Online shopping has raised the stakes for instore retail. The speed, ease and convenience of buying goods in an eCommerce environment has challenged instore retail to enhance the in-person shopping experience to attract customers and sales.

Central to the appeal of online shopping today is its ability to personalise the customer experience. Online retailers can do this through personalised email marketing, discounts and offers, as well as using data on customers’ browsing and purchase histories to recommend products that are relevant to their interests. For example, if a customer frequently buys running shoes, the retailer can suggest adding new running shoe styles or accessories to their online shopping cart that the customer may be interested in.

The bottom line is that in today’s digital age, consumers now expect similar levels of personalisation from instore retailers to match their online experience. Personalisation can increase customer loyalty, engagement, and sales, and it can also provide valuable data for instore retailers to improve their business. So, how can instore retailers personalise the shopping experience for their customers today?

Customise the way people can shop

During the pandemic, the thought of walking around, browsing and asking store associates for product information wasn’t an option. It was get in, get what you wanted and get out – as quickly as possible and with little to no interaction with retail employees.

Now, many people are more comfortable and opting for shopping instore over other methods, due to a desire to touch and feel items and assess goods in person before making a purchase. However, some shoppers wish to be present and shop instore without constant interaction with store associates. They want to shop on their terms without interference. This can be achieved in the modern instore retail setting through technology such as handheld scanners, smart shopping carts, self-serve checkout kiosks located across a store, and even retail robotics that provide personalised answers, discounts and information relevant to the individual shopper.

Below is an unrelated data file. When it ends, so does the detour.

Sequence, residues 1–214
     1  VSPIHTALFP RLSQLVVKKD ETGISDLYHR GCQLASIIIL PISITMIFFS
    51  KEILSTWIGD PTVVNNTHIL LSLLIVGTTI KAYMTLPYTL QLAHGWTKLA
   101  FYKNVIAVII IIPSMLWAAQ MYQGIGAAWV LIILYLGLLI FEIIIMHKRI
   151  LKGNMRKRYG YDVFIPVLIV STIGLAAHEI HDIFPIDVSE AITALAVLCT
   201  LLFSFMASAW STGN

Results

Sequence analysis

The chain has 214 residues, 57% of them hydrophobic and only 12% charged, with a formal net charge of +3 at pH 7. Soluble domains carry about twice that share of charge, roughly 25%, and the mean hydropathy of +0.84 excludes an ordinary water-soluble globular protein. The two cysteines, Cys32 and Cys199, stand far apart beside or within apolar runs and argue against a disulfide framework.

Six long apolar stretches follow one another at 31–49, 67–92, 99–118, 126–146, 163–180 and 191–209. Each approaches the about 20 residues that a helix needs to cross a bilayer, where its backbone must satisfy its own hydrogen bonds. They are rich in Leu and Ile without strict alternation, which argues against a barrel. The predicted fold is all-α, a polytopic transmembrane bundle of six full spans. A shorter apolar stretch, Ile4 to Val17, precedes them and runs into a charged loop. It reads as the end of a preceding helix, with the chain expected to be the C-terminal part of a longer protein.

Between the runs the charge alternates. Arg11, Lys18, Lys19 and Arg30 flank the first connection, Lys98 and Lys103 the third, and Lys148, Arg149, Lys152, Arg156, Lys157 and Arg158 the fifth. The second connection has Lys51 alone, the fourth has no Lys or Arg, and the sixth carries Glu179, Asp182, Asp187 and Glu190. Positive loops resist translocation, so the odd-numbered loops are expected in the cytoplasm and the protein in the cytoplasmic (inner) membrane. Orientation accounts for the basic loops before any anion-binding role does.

Personalise in-store product recommendations

Using personalised product recommendations is another effective way to personalise the shopping experience for those customers seeking a more interactive instore visit. This can be done by using data to analyse customers’ purchase histories and recommending products that are relevant to their interests. For example, if a customer frequently purchases a certain brand of clothing – a store associate can be made aware of these details via a handheld device with the shopper’s profile, before taking them to see their favoured brand’s new collection.

Personalise your checkout options

Retailers can not only tailor the instore browsing experience for customers, but they can also offer personalised checkout options to improve shopper satisfaction levels and leave a positive last impression. This can be done by providing customers with a variety of checkout options, such as self-checkout, mobile checkout via a handheld device used by store associates, or traditional checkouts. For example, if a customer is in a hurry, retailers can offer them a mobile checkout option that allows them to rapidly pay for their goods and be emailed a receipt.